This shot sat for a while until I was finally satisfied with look of it. It was taken during a sunshower that was giving way to a full blown thunderstorm. The giant Allium bulbs finally bloomed and I got down on ground to try to get an interesting perspective of whole landscape making them the focal point. I blurred the frame a bit using Tadaa to add some bokeh and interest, then slightly tweaked the color and added a slight grain with Mextures and Pixlromatic. I was finally happy with the result after revisiting several times until I realized it was best left with minimal adjustments. To me it kinda looked like a Tim Burton scene when it was all done, it’s one of my favorite photos of the past couple of months I’ve worked on.


Pumuckl by Mariko Klug

Recently I passed by a typical bavarian style wooden house at a lake in Ebersberg and saw this puppet looking through the window. It reminded me very much of Pumuckl.

Pumuckl is a little Kobold, a cheeky imp. The funny adventures of Meister Eder, an old master carpenter, and his Pumuckl are very popular here in Germany.
This photo was taken with Hipstamatic Sergio lens and Blanko Freedom 13 film, my favourite combination at the moment. I cropped the image and made minor adjustments with PhotoToaster and applied the Roosevelt Emulsion texture of Mextures.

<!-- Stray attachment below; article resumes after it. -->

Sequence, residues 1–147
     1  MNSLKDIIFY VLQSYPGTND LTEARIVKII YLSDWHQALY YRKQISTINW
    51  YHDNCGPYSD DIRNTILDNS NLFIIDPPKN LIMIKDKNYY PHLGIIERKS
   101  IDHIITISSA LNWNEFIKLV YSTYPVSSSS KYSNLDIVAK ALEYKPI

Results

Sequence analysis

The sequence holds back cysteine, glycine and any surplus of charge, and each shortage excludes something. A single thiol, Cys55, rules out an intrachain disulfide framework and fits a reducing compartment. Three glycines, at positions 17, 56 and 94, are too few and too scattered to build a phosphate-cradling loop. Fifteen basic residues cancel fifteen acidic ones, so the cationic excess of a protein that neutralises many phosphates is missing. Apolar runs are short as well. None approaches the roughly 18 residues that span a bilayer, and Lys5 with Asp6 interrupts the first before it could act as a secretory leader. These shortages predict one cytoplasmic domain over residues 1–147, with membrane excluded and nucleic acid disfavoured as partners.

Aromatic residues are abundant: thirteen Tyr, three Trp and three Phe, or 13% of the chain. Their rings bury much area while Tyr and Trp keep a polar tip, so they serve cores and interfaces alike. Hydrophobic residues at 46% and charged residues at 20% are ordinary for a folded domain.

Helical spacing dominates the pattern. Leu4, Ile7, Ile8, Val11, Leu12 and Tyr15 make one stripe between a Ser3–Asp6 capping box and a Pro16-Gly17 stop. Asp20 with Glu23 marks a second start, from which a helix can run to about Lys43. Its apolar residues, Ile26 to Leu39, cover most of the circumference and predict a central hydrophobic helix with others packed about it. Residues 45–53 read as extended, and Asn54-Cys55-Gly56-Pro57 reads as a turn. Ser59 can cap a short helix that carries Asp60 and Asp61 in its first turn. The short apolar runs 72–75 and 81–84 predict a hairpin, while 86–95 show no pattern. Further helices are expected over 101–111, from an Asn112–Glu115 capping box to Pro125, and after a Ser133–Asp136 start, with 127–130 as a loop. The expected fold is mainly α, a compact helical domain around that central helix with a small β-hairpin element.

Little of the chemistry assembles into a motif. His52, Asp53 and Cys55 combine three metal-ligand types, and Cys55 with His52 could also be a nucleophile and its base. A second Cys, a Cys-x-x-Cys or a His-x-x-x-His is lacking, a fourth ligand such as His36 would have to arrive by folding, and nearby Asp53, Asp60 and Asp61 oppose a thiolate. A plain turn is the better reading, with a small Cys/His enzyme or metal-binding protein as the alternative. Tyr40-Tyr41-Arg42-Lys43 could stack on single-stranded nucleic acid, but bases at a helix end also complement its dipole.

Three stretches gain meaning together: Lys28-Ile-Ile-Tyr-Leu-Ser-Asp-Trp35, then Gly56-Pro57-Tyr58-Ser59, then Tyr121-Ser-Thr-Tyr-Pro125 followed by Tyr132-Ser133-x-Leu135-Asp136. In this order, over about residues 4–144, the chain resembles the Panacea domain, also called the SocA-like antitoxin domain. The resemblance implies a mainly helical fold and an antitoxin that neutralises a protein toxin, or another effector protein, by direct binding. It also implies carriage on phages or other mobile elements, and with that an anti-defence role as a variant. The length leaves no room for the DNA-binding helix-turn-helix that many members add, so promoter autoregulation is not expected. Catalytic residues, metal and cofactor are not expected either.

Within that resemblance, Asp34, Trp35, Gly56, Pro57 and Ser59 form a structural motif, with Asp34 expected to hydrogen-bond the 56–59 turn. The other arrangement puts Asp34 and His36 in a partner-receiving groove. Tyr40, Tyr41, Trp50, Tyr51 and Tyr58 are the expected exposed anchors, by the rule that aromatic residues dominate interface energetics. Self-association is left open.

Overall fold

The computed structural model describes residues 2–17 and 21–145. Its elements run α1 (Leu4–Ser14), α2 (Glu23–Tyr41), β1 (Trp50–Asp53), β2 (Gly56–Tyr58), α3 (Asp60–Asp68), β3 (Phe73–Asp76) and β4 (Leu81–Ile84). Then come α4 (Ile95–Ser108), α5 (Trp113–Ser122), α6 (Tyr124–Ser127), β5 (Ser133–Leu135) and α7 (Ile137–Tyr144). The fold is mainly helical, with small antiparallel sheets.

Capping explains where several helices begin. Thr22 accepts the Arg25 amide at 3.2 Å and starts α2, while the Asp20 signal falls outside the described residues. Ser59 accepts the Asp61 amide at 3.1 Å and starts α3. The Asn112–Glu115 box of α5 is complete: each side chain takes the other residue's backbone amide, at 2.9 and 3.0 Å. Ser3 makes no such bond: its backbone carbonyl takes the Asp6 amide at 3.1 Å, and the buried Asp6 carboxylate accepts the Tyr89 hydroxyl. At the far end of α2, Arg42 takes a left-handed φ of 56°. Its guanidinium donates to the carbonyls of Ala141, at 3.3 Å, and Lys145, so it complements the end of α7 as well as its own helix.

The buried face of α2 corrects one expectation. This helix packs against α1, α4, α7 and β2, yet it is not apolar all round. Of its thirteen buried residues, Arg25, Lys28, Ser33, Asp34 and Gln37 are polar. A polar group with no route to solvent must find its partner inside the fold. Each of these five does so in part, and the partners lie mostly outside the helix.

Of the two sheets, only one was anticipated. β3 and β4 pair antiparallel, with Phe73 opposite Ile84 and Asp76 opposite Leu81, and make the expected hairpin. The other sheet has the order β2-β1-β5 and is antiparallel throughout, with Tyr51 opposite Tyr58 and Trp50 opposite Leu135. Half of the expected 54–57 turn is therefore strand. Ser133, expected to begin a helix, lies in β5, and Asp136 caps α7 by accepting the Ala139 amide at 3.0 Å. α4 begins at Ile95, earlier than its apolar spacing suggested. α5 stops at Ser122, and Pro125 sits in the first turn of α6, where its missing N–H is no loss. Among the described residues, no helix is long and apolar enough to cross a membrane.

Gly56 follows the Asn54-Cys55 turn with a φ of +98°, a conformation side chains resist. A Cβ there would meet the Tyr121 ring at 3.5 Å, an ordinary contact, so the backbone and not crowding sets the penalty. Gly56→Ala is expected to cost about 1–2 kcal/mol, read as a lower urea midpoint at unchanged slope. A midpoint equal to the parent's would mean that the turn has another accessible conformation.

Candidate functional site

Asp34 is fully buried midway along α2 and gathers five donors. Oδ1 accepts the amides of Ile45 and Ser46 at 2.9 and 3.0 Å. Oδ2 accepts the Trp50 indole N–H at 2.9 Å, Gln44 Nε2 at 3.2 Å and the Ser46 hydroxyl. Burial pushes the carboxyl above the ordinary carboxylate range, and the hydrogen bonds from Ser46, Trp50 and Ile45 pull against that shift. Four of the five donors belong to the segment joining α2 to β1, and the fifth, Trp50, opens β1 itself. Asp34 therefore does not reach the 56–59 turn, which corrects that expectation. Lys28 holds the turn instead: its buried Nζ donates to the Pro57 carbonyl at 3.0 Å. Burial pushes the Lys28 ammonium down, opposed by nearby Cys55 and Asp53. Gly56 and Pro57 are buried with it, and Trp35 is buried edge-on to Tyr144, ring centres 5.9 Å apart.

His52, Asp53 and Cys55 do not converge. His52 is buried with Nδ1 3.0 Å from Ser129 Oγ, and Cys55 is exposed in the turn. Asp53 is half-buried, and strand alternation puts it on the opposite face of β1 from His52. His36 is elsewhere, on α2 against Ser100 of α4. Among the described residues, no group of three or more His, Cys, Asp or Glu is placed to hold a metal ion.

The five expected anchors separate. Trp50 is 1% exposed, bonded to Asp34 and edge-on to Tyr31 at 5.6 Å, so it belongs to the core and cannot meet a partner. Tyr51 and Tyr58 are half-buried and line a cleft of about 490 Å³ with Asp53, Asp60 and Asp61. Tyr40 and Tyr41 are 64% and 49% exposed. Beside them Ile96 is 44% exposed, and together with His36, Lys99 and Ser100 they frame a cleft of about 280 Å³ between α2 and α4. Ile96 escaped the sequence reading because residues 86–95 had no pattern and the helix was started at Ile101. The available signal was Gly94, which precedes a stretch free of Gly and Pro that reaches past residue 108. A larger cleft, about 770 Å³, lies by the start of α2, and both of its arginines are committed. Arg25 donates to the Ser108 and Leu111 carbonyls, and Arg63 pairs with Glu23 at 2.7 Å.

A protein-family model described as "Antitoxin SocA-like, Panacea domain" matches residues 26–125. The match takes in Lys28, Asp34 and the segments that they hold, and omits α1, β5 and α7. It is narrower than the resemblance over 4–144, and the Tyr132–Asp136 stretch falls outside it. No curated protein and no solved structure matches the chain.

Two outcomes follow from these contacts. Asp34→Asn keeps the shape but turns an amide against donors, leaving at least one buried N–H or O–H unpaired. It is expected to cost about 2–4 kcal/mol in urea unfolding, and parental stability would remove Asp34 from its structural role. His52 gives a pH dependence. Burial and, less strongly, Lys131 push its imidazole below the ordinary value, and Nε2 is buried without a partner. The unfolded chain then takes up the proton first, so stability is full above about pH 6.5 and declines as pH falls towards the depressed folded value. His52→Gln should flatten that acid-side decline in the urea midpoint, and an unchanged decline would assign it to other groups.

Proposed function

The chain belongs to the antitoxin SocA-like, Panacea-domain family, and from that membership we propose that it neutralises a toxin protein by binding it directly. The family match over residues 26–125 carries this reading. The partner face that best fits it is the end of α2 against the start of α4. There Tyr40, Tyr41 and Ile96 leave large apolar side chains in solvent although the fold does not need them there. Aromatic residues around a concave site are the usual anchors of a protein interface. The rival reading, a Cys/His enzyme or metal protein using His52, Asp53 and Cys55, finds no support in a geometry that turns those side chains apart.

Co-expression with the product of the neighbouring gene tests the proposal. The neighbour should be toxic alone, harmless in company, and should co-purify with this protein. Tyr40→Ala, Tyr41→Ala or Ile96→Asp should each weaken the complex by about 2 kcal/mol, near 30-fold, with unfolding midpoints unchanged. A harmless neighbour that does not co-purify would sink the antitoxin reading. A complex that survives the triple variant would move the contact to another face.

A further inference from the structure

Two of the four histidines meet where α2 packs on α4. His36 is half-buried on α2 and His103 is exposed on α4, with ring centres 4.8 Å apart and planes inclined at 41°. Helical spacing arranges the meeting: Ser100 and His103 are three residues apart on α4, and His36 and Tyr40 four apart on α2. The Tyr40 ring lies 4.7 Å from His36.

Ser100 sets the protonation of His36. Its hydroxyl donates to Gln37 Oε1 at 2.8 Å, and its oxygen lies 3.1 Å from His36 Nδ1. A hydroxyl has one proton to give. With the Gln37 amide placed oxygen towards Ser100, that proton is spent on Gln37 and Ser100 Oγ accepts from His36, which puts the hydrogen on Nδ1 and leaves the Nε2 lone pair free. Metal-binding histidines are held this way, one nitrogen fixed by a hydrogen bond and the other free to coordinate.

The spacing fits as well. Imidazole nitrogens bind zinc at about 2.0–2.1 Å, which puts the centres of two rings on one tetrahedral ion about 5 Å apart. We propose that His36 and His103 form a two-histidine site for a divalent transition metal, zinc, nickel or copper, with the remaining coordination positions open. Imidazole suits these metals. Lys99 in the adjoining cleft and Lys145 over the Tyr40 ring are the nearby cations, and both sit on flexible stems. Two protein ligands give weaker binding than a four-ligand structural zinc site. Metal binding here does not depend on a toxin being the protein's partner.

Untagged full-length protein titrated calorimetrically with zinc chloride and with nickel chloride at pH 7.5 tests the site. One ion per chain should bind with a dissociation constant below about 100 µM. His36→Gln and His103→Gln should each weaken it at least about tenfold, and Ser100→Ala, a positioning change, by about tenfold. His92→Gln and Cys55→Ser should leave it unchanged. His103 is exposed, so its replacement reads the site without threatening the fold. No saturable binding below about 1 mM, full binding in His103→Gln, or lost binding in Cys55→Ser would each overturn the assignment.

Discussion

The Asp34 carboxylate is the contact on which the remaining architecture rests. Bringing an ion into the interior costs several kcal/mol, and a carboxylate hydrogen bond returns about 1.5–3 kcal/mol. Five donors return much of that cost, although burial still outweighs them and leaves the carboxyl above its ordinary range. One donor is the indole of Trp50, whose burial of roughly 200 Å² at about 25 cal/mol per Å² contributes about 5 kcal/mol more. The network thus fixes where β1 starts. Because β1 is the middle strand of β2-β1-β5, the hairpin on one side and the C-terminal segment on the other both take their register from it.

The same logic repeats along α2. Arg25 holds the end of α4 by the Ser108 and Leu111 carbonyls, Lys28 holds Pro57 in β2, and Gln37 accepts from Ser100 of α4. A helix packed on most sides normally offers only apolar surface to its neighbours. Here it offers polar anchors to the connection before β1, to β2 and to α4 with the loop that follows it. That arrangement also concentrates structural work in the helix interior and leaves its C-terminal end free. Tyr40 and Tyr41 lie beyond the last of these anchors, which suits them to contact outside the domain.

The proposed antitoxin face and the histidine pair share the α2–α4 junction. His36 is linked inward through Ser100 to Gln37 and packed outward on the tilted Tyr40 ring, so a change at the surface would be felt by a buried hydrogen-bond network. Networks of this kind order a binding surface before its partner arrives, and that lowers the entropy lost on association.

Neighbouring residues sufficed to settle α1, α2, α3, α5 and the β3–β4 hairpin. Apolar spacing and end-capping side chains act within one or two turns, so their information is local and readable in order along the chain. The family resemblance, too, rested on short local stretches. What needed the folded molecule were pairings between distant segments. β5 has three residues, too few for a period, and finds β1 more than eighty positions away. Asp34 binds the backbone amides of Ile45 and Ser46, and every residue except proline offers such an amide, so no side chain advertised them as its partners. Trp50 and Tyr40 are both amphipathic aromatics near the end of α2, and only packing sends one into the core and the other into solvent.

The African Queen

The African Queen by Janine Graf

I listed the apps used in the tags, but here’s some back story for you / everyone:

“I saw this cute empty boat in Provincetown, Cape Cod last week and figured it was the perfect vehicle for my traveling rhino (her balloons needed to be refilled anyways). She was really easy to place inside with Juxtaposer, as she’s already saved as a stamp. Using the Impression app, I dubbed the boat, “The African Queen”, which I thought was pretty funny.”


image by Jane Fiala

The apps used: Snapseed for tuning, PencilFX for a sketch. Glaze to get a painterly effect. Superimpose to blend. And PhotoToaster for texture!



Untitled by David DeNagel

It was sundown. I was exploring a local fairgrounds which was, at that time, unoccupied and empty. However,I noticed an adjoining farmers field. It was full with the season’s corn crop. The crop’s boundaries were established with a barbed wire fence. I wanted an image from beyond the fence so I carefully positioned myself near the wire and extended my camera arm over the barbs.
Since the corn and reed grass were so high I could compose the image with a classic two thirds foreground and one third background.
The inherent drama of the image came from the sullen,yet lighter sky contrasted with the dusky, earthbound corn leaves and reed grass, which seemed huddled together in some shadowy metropolis; every individual plant and leaf stretching upward through the black soil for a position closer to the fading light. This was the interpretation I wanted to convey with my processing.